Season by Season History of the Tampa Bay Buccaneers: 1982

David Manning-USA TODAY Sports

A draft day gaffe and a late collapse signaled what was to come for two decades in Tampa Bay.

Before the start of training camp and the official kickoff of the 2014 Buccaneers season, Bucs Nation will take you through every season in Buccaneers history, one by one, to paint the whole picture of how the Buccaneers got to where they are today.

Today we'll look at the 1982 season, which was a turning point in Bucs history for all of the wrong reasons.

Season Recap

Record: 5-4 (7th in NFC)

Playoff Result: Lost in the first round to the Dallas Cowboys

Points scored: 158 (18th in NFL)

Points against: 178 (16th in NFL)

Unfortunate Defense: The Buccaneer defense ranked 16th in points allowed, but third in yards allowed. The Bucs struggled against the run, but had a top defense against the pass, but ultimately gave up more points than they should have.

Doug Williams' Final Act: In what would be Williams' final season in Tampa, the big-play signal caller threw for over 2000 yards in only 9 games, finishing sixth in the NFL in passing yards.

Most Sacks: Dave Stalls, not Lee Roy Selmon, led the Bucs in sacks in 1982. He finished with 6.5. (This is the first year that the NFL kept official sack records.)

Key Games

Late Heroics for the Bucs: Heading into the final weekend of the season with everything to play for (eight teams in the NFC were due to make the playoffs, and the Bucs were on the bubble), the Bucs overcame the Chicago Bears in overtime by a final score of 26-23. Despite gaining nearly 200 more yards than the Bears, the Bucs turned the ball over three times and had to overcome a 23-6 deficit in the second half to secure the win.

Disappointed by Dallas Again: The playoffs would end as quickly as they started for the Bucs, who fell at the hands of the Dallas Cowboys yet again. Star defenders Mike Washington and Cedric Brown missed the game due to injury according to BucPower, but that didn't stop the Bucs from competing against their formidable opponents for three quarters. But a late surge by the 'Boys ended the Bucs hope of another run in the playoffs.

Major Storylines

'Listen, Pat, you’ve got two names there.’ I said ‘We’re not going with Sean Farrell, we’re going with Booker Reese. Turn it in.’

These were the infamous words of Ken Herock, Buccaneers' Director of Player Personnel in 1982, spoken to equipment manager Pat Marcuccillo, who was the team's representative at the NFL Draft, according to a recent Sports Illustrated article on the frustrating events of the '82 Draft for the Buccaneers.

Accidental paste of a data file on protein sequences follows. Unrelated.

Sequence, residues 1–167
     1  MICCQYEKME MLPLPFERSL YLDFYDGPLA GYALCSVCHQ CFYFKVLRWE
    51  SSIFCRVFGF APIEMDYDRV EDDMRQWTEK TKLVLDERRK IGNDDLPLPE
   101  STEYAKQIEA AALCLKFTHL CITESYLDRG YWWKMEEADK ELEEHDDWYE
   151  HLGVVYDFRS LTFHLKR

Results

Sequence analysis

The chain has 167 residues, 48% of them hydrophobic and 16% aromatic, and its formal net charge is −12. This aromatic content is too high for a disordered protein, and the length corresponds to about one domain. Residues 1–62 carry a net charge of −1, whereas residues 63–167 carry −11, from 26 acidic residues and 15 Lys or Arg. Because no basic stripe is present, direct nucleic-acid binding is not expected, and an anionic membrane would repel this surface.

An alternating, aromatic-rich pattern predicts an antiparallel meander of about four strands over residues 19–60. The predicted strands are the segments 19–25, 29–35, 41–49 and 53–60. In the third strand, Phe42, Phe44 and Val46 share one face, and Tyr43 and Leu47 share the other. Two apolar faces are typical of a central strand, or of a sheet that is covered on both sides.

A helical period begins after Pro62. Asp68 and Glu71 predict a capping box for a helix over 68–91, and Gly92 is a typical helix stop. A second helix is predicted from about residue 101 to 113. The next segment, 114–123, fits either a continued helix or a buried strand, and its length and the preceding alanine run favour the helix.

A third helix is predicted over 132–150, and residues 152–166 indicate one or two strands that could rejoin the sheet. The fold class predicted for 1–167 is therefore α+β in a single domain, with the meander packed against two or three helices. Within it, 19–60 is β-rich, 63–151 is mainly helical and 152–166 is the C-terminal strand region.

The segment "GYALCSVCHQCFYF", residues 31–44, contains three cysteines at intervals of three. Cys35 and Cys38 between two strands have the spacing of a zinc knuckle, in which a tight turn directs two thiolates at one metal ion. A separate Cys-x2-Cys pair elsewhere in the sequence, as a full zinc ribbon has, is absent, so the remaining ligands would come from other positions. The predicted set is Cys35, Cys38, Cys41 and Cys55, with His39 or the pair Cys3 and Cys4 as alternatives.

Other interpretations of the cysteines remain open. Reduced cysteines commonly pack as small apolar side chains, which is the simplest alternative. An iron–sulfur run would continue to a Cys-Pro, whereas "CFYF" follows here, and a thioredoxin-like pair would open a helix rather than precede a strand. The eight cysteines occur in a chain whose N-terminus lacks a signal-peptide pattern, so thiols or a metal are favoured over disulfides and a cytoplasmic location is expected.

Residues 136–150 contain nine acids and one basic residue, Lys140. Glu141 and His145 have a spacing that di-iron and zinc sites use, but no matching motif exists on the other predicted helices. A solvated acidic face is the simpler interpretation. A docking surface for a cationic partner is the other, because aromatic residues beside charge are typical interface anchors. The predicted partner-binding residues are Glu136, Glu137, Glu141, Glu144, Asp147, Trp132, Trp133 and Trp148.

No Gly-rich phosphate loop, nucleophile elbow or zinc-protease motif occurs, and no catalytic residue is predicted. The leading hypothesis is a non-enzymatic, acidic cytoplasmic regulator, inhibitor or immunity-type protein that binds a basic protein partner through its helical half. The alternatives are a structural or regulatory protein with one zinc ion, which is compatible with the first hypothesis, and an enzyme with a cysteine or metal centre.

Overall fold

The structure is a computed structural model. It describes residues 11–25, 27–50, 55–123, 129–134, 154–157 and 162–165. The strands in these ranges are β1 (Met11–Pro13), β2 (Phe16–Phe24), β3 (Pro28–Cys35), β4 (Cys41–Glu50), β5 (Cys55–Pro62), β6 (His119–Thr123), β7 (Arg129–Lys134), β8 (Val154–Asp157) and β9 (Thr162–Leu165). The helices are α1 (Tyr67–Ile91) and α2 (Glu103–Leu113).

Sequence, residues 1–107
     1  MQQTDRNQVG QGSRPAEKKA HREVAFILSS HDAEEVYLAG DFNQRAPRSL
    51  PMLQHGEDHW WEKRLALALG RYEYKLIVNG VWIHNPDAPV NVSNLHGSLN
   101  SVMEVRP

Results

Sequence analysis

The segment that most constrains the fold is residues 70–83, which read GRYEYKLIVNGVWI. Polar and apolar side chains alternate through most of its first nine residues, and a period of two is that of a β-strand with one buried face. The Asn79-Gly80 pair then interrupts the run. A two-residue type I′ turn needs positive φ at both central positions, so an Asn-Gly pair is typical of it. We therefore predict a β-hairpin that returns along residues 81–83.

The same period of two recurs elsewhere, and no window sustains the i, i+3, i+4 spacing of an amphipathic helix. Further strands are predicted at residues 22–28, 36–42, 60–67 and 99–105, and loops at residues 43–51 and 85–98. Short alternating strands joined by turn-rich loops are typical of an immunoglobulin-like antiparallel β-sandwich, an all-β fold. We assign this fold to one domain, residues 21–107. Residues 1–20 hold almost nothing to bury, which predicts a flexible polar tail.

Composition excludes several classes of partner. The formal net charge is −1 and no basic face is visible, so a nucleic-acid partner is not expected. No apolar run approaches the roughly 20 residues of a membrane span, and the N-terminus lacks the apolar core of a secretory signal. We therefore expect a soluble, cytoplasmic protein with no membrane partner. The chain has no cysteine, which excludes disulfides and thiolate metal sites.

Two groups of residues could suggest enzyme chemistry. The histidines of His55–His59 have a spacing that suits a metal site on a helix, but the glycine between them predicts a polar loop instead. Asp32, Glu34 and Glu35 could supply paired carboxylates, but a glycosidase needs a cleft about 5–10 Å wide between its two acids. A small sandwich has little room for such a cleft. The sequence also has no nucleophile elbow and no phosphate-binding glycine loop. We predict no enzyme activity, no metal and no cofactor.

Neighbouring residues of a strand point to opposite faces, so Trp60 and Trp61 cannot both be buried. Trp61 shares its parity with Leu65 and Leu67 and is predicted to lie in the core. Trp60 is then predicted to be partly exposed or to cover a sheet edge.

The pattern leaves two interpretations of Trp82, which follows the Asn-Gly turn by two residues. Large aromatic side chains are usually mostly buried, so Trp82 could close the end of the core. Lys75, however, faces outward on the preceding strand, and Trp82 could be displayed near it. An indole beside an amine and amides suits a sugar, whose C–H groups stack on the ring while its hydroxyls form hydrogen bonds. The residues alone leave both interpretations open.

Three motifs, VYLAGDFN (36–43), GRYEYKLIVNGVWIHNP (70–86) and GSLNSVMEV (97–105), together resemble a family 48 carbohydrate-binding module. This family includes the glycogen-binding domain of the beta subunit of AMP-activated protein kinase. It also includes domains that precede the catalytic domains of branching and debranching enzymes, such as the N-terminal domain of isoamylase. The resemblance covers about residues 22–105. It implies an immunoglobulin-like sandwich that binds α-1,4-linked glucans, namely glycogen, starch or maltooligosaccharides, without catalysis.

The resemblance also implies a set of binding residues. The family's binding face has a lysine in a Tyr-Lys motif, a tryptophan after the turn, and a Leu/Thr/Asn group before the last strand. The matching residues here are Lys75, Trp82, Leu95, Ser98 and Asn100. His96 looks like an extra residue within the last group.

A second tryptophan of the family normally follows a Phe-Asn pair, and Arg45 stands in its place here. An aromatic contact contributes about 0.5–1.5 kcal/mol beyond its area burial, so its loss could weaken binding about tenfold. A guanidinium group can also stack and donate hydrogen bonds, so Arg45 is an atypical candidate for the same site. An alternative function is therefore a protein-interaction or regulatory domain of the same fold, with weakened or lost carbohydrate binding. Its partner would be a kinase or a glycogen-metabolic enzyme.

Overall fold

Why were those words so infamous? Well, partially because Booker Reese would pan out to be one of the biggest busts in draft history, failing to live up to any of his potential and starting only seven games in the NFL before falling out of the NFL due to drug problems.

But even more frustratingly, and more appropriate given the way the Buccaneer franchise would operate for the next two decades, those words are infamous because they weren't heard in their entirety by Marcuccillo. He simply heard some combination of "We're... going with Sean Farrell," and marched to the podium to select the player the Bucs didn't want.

This caused the Bucs to trade back into the second round to take Reese, giving up their 1983 first-rounder to land the player they wanted all along. And you don't need to be a football historian to know how loaded with talent the 1983 NFL Draft was...

Farrell would actually turn out to be the better pick, playing a decent 11-year career in the NFL. But the Buccaneers' ability to completely botch something as simple as making a pick in the NFL Draft was a sign of things to come.

As for the 1982 season, it was shortened by a labor strike mid-season, which allowed the Bucs time to regroup and rebound from an 0-3 start. The team would secure all five of their victories in close games with one-score margins en route to a spot in the expanded playoff field due to the shortened schedule.

Doug Williams continued his pace from the year before, producing big plays with an inefficient completion percentage but big yardage numbers. However, an increasing amount of his throws were heading in the direction of running back James Wilder, who was becoming a leading dual-threat back in the NFL. In fact, Wilder finished third in the NFL in receptions in 1982, not among running backs, but among all players.

But it was ultimately the fourth quarter that would be the undoing for the Buccaneers, who thrived in late-game situations during the regular season, but collapsed in the final period against the Cowboys in the playoffs and would fail to make a run in the playoffs for the second straight year.

And knowing what we know now, that fourth quarter collapse was symbolic of what was to come in Tampa, as the Bucs were due for two decades of frustration as a result of continued front office gaffes, like the one that happened on draft day in 1982.

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